Microsoft is showing off HoloLens to advertisers as a new way to sell products

Microsoft showed off the gaming aspects of its HoloLens technology at E3 last week. This week, the company is pushing its version of virtual reality to companies that are attending the Cannes advertising festival in France.

According to The Wall Street Journal, a ticket for a HoloLens demo at Cannes is a prized possession, as ad buyers are reportedly trying to show their clients how cool Microsoft's technology is:

"Indeed, Microsoft officials seem to believe they have a product that will dazzle advertisers. Some ad buyers said Microsoft is looking for $10 million to $12 million commitments for brands to build virtual versions of their products for HoloLens (imagine, say, a virtual car demo). Others say prices are lower, but that Microsoft is driving a hard bargain."

The potential for HoloLens as a demo platform is clear, but there are still a lot of questions that Microsoft has yet to answer, such as the cost of the headset and when it will launch to the public.

Source: The Wall Street Journal

John Callaham
  • Hopefully they could use this to drive windows mobile somehow
  • drive... to the grave maybe.
  • You must have missed the 32% market share increase in the UK that some analyst firm announced yesterday. Sure, it's off a small base but it's at about the same level as OS X in the PC market so it is sustainable, I'd imagine. Remember, too, that Microsoft sell roughly four times more phones than they do X-Box consoles so even a small market share amounts to a good business.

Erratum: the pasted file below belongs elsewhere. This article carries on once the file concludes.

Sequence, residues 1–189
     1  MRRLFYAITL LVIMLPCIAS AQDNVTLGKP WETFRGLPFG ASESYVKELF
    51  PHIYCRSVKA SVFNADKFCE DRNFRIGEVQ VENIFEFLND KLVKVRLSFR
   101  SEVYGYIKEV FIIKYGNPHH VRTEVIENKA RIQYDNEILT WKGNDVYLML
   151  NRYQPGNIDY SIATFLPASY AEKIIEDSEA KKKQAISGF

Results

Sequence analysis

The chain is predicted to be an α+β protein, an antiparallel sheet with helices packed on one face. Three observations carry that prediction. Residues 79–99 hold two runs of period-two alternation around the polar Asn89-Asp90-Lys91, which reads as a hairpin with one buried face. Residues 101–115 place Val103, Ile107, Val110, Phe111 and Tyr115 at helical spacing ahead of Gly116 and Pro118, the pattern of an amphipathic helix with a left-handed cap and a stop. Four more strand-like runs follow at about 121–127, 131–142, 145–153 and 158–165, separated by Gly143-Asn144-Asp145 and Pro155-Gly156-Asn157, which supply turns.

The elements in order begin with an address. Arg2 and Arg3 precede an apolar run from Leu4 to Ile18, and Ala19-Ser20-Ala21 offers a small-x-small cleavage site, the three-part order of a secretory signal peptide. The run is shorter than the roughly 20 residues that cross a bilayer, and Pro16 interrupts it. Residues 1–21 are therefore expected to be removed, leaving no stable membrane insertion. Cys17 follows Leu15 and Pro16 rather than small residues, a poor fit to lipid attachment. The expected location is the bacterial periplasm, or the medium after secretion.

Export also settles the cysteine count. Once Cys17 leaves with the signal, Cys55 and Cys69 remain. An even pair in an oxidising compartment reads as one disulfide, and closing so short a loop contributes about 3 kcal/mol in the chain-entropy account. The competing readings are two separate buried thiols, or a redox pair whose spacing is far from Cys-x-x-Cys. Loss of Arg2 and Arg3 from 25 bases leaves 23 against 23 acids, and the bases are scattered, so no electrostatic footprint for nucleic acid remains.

• Pretty awesome, Microsoft tries to own the world!
  • Careful what you wish for.
  • Yup....
  • As long as the products being sold fit in a letterbox..... :)
  • It will be interesting to see if they use this as a means to reduce the cost of each Hololens unit. I see $599 - $799 as the target price for the mass adoption necessary to attract developers, advertisers, companies, and users to make it a real success to the point of being the next Windows 7/Android of the AR community.
  • I agree. I have a gut feeling they will offer price brackets with feature disparity.
  • Same here, i have a gut feeling that what journalists have used is just the entry level device.
  • Please fix the FOV or this will be DOD even more than Kinect, and MS will be once again the laughingstock of the Tech world.
  • If this was a VR headset you may have a point, but it's not. HoloLens doesn't immerse you in another world. It augments the world you are already in. Do you think the TVs are laughing stocks because they have a limited field of view?
  • I have used a hololens for 4 hours, the current FOV is synonymous to a 19" tv in your home theater with a $1000 surround sound in your TV analogy You non VR view is skewwed as immersion can be done with holoworld. If you simply want a little holographic clock on your desk then I would agree with you. But the people shelling out $1K ? are not going for that
  • I'm sure it will be improved, but regardless, it will probably sell. Maybe not as much as hoped, but many people would still have a use for it with the narrow fov
  • Kinect is the fastest-selling consumer electronics product of all time.
  • This opens a lot of doors for product placements. I suppose subtle placements of virtual brands, like virtual Coca-Cola cans, or Pepsi, etc could be worked into larger HoloLens Virtual Scenarios that are the true focus of the experience. Microsoft and advertisers could get VERY creative in thier partnership to jointly promote thier products in this way. Great news for Microsoft:-)